Benefits of Boxing

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Boxing has so many benefits. I find that when life challenges me, there is great comfort, wisdom, and growth to be found in boxing. When I share that I box, the variety of reactions always intrigues me. Usually the replies include that I ‘must be a bad ass’, ‘I have always wanted to try kickboxing’, “you must be strong”, “are you the only female”, or how intimated the person is by the idea of boxing. Let’s start by debunking some myths.

1- Kickboxing and Boxing are not the same thing. Kickboxing is an aerobic exercise to music that utilizes some boxing elements. Boxing on the other hand is technique and physical training how to physically fight on either bags or sparring- including strength, agility, calisthenics, and fitness drills.

2- It is not necessary to be a ‘bad ass’ or have superhuman strength to box. At my gym, we do have a whole range of boxers, and everyone is there for their own reasons. It does build confidence, is good for mental health, a great workout, we also practice mindfulness and breathing exercises too. Boxing is a skill like anything else, mindset is incredibly important, but personality isn’t everything. Who you walk in as, may end up being very different than who you walk out as.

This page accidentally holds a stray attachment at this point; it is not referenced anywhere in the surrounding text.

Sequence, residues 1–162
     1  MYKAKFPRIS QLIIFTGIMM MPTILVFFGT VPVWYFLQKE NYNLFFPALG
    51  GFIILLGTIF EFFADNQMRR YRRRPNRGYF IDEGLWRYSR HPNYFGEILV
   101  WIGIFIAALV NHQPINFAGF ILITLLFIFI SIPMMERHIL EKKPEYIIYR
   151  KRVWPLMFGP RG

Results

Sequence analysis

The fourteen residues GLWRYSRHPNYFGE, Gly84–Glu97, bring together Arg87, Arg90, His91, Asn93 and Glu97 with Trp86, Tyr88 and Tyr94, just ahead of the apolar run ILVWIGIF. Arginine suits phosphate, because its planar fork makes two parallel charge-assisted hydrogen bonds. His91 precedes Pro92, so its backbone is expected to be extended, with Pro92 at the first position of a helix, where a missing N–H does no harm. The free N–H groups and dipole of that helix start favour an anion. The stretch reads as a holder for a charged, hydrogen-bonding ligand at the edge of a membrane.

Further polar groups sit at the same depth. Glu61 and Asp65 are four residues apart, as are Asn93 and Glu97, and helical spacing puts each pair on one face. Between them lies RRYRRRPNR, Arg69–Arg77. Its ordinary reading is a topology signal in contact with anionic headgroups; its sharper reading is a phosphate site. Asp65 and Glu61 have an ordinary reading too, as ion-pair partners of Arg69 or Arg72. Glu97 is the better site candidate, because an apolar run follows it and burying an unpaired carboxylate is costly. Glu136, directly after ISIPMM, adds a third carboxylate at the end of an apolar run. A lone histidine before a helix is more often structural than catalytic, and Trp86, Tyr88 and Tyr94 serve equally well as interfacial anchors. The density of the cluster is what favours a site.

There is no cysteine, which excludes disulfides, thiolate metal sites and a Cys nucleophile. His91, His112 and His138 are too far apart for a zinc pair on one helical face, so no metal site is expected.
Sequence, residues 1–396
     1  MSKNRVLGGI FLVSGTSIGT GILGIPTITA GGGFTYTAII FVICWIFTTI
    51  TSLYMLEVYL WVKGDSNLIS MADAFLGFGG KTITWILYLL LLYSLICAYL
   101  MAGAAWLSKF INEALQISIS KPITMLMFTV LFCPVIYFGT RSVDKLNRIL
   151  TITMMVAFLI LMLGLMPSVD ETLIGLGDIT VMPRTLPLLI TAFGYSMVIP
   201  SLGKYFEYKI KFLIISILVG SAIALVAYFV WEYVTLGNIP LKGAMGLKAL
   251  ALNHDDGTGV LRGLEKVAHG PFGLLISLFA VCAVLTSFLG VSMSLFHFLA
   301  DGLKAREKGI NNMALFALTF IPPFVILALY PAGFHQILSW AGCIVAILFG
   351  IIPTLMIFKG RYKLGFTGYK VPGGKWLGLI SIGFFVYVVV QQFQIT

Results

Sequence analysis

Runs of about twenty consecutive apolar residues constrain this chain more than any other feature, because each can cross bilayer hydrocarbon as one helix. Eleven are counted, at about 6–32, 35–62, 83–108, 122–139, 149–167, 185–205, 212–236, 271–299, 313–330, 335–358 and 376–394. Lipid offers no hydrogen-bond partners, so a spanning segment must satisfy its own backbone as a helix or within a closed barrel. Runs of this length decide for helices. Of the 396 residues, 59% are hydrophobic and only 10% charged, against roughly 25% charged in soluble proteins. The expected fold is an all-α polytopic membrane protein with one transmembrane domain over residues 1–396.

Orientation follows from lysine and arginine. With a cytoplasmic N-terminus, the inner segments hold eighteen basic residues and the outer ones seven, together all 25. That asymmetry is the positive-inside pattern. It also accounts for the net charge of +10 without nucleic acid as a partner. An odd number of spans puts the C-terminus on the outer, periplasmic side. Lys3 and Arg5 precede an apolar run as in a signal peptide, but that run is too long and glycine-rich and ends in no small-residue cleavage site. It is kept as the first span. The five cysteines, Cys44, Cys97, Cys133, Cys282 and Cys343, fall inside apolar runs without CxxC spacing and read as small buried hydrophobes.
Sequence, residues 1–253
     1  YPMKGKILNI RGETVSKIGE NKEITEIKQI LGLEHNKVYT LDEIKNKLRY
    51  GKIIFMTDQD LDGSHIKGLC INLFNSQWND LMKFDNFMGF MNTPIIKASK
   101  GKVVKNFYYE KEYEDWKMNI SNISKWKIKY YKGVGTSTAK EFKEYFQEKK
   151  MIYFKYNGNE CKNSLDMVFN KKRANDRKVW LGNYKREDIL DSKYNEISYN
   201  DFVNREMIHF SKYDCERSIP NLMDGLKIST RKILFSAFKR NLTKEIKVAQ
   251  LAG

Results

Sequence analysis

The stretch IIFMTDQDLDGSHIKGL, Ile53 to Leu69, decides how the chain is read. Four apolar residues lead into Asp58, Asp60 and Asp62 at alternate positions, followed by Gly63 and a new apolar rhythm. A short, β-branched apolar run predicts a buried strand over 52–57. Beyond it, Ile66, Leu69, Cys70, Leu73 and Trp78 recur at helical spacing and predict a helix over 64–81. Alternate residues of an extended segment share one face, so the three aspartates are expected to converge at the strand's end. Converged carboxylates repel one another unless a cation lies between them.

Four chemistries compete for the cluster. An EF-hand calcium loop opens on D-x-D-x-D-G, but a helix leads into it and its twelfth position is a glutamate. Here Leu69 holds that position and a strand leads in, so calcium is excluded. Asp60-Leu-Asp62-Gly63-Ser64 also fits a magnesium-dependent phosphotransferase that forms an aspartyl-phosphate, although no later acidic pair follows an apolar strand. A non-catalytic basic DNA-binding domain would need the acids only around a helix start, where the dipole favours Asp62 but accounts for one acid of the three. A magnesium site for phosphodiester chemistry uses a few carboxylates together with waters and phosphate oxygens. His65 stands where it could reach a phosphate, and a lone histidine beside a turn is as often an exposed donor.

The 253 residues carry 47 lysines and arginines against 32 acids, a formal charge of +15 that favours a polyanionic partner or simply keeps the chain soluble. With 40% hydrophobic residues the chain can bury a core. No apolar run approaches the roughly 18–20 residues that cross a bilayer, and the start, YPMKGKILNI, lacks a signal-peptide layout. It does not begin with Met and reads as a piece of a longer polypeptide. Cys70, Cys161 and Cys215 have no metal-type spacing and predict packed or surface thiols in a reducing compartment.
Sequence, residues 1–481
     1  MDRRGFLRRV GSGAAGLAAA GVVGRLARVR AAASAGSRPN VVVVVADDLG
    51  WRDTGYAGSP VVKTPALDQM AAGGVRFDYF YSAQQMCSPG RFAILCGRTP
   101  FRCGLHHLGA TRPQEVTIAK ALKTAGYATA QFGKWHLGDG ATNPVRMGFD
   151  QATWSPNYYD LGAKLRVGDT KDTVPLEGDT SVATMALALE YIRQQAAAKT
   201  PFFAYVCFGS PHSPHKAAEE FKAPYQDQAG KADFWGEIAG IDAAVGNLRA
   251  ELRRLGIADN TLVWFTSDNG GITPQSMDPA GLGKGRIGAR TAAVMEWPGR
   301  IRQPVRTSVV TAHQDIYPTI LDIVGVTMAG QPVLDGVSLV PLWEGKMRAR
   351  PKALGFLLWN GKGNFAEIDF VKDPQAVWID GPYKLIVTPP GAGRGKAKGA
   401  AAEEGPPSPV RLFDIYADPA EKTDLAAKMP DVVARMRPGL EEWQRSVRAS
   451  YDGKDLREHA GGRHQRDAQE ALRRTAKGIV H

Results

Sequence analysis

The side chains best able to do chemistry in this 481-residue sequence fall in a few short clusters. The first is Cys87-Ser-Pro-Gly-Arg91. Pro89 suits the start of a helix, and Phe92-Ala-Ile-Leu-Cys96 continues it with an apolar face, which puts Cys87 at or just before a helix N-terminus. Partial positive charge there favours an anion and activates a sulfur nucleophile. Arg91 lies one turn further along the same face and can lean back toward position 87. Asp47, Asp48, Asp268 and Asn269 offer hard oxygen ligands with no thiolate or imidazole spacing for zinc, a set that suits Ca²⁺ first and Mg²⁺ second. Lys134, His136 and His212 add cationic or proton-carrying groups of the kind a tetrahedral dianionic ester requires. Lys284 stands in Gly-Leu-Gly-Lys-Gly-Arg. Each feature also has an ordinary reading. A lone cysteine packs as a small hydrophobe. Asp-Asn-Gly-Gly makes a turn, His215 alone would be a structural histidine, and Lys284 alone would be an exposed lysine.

3- Boxing is intimidating. Walking into anything new where you don’t know a single soul or what you are doing is intimidating. Where I box is a teaching gym, so any boxer in class will instruct any other person there. This serves a couple purposes: prevents injuries if someone is doing something wrong, fosters a sense of community, we all get to learn other boxer’s unique styles and have an awareness of everyone’s experience and skill level.

4- Anger or aggression is necessary to box. Absolutely not. We have an unspoken practice that if you are angry or experiencing strong emotions, you don’t subject others to that rage. Fighting emotional isn’t effective. The most talented boxers I know are also some of the most calm, passive people. Control over yourself, your reactions, and your emotions is critical for yours and everyone’s wellbeing, not only in boxing but in any life endeavor. Boxing should be approached with seriousness, respect, emotional intelligence, and control.

Why Boxing?

It is an excellent workout. Lots of cardio and comparable to going out for a run, sometimes even a better workout. It depends on what you put in. On days I am tired or have to drag myself to an activity, it takes more to mentally check in to fitness, but boxing is very easy to engage with. Our coaches are incredible, keep everyone moving and don’t let us be lazy. For me, knowing that I can do this and have this skillset, is empowering. I leave exhausted but invigorated by whatever new move or combo I mastered that day.

Boxing is highly technical. If I am anxious or worried about other things in my life, boxing forces me out of my head. From the moment the warmup starts, attention to technique is critical. I don’t have a chance to think about anything else because I remember how I wanted to adjust my stance, punch, or whatever change I need to make or improve upon. The movement makes you go into a zone that quiets the rest of the world- it’s just you, your breathing, and your hands.